If the reader's comment turns out be correct about what will move MGB the most; not only did the writer miss it but so did Mr. Tepper, and me for that matter. The reason I posted the excerpt was to illustrate some of the potentially sophisticated uses of CEFs not to tout shorting MGB. Personally I have no interest in shorting a CEF on a discount/premium arb but the idea is interesting.
I'll also add that while I don't worry too much about discounts and premiums I would not buy anything with a premium anywhere close to 50%.
Openings in Closed-Ends
The Morgan Stanley Global Opportunity Bond Fund has more than a few fans. The closed-end fund, which invests roughly 50% in emerging- markets debt and 50% in U.S. junk bonds, is selling at a premium to net asset value of over 50%.
Many funds, which invest in emerging markets and high-yield junk bonds, sell at a premium to net asset value because their yields are high and investors, more than ever, are craving yield.
David Tepper of San Francisco-based Tepper Capital Management, a specialist in closed-end funds, says investors could be purchasing the Global Opportunity Fund thinking that it is a true "global" bond fund.
Indeed, the Global fund has only $34 million in assets, while the Emerging Markets and High Yield funds have $229 million and $85 million, respectively. Therefore, it wouldn't take much to move the Global fund because of its small market capitalization. That said, by buying shares of Morgan Stanley's Emerging Markets Debt Fund and the High-Yield Fund, an investor can replicate Morgan's Global Opportunity Bond Fund's investment portfolio for 60% less, says Tepper.
He adds: "This is the most logical, pure arbitrage opportunity you can find, where the whole is selling for way more than the sum-of-the-parts."
Tepper suggests being long MSD and MSY, versus being short MGB. Morgan Stanley declined to comment.
I am quite certain I have placed trades for Mr. Tepper back in my days as a trader. We had an advisor named David Tepper call in to our desk regularly, if it is the same David Tepper I doubt he would remember me.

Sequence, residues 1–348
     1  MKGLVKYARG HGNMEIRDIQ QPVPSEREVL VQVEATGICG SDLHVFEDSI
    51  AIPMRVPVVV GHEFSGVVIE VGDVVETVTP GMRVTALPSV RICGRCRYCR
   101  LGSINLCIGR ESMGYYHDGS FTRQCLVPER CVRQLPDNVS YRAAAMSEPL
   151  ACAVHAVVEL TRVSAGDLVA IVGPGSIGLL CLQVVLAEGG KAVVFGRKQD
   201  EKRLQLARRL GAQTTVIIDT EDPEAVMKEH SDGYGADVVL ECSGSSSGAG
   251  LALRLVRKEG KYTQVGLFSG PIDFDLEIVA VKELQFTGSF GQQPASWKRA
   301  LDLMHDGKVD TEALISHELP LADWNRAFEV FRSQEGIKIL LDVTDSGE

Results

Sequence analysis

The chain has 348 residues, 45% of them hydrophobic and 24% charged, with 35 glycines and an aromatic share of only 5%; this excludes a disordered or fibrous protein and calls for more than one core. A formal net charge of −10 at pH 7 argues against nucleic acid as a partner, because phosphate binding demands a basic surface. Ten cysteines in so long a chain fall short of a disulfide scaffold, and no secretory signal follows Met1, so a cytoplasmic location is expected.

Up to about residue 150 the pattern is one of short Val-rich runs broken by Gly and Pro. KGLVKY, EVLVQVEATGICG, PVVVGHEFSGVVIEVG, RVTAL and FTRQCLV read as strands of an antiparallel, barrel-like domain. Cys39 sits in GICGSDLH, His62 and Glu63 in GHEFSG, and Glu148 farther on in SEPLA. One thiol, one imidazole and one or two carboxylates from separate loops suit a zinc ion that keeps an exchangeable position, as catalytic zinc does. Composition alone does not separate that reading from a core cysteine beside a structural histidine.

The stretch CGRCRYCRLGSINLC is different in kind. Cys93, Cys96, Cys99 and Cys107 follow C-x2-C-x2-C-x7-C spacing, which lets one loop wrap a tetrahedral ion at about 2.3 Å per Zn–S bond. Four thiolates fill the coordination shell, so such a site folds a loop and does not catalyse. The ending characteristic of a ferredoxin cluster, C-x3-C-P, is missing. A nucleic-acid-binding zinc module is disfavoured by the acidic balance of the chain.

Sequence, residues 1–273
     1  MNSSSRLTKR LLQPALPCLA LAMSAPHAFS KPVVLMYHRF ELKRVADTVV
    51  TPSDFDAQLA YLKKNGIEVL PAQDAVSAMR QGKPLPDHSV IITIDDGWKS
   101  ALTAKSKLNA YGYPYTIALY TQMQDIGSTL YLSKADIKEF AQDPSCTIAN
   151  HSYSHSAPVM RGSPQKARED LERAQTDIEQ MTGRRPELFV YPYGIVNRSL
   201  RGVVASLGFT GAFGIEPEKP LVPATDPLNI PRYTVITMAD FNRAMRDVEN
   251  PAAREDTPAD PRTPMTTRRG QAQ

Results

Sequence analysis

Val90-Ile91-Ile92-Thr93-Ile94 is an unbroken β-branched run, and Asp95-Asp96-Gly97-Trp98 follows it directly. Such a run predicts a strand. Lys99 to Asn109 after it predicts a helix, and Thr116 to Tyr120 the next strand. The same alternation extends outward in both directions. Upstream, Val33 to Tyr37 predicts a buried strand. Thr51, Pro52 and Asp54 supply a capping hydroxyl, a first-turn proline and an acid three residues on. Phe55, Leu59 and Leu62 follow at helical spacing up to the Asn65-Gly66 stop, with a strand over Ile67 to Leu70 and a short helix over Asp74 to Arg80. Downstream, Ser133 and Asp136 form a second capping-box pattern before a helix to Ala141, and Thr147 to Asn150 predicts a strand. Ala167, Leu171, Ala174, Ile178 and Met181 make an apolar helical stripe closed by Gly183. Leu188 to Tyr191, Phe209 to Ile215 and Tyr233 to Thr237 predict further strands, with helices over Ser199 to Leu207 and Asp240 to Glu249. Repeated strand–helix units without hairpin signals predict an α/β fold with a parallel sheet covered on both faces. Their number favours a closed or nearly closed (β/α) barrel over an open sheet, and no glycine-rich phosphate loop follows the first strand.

Barron's Electronic Trader column had not blogs mentioned for the second week in a row. I hope they haven't given up on us.
Friday, January 21, 2005
Bill believes that the market will not provide much upside. He said investors should own dividend paying stocks, not be buy and hold, and try to trade around the market's gyrations.
Ron didn't call him on that so I will, sort of. His assessment of the market may be 100% correct. He may also be right about trading in and out being the best way to make money.
But trying to trade like this is a bad idea for almost everyone. I have written before that plenty of people have success short term trading, but it is very difficult and not the best thing for most people.
It surprises me that CNBC would air that type of advice.
Sentiment in the market seems to be washing out. CNBC has had all sorts of programming devoted to what's wrong. Phil Orlando, the guest host on Squawk Box this morning, said he is disappointed and confused. What?
I have no doubt Phil is very smart and good at what he does but I was surprised to hear someone like him speak with such emotion. I'm not quite sure how Phil was so caught off guard. I've written many time that earnings estimates for 2005 are a lot lower. He knows that. The year end mark up and subsequent unwinding of that mark up seemed quite obvious which is what I wrote here and said in the few interviews I do. The last time I was on CNBC Asia, I think Mandy was caught off guard by my negative outlook because she came at me a couple of different ways on the subject.
I will say that now we are in the midst of this move I'm not sure exactly where it stops. I still don't think, though, that we will breach the 200 DMA.
I hope you do not succumb to emotion in your portfolios. There aren't a lot of stocks I follow or own that are having problems unique to their businesses. I wrote a while ago that guidance would not be great, and that has come to pass so far. Very little has worked in the market this month but we are not down a lot, at least not yet.
We can't know what will happen, but we can have opinions. Being really worried about a bad month is very short term oriented. Most people have longer time frames than one month, or one year for that matter. I am quite certain that in stock market history there have been other 3-4 week down periods before. That it is occurring in January which is rare, I think, means nothing. Stick to whatever your strategy is and realize sometimes they go down.
Thursday, January 20, 2005
If you haven't already done so go read this article.
I have written a lot about owning dividend paying stocks right now. Very simply, they have been working. I would expect dividend paying stocks to continue to work when the market is up a little or down a little.
I take that article is saying there is a sense of complacency among some managers. No one thing works forever, and anyone that thinks that will have a problem at some point. I am overweight foreign dividend payers. I doubt I will be overweight this type of stock forever. Long time readers will know one thing I focus on is trying to get more big picture themes right than wrong. To this point I wrote about adding some non-tech beta back before the election.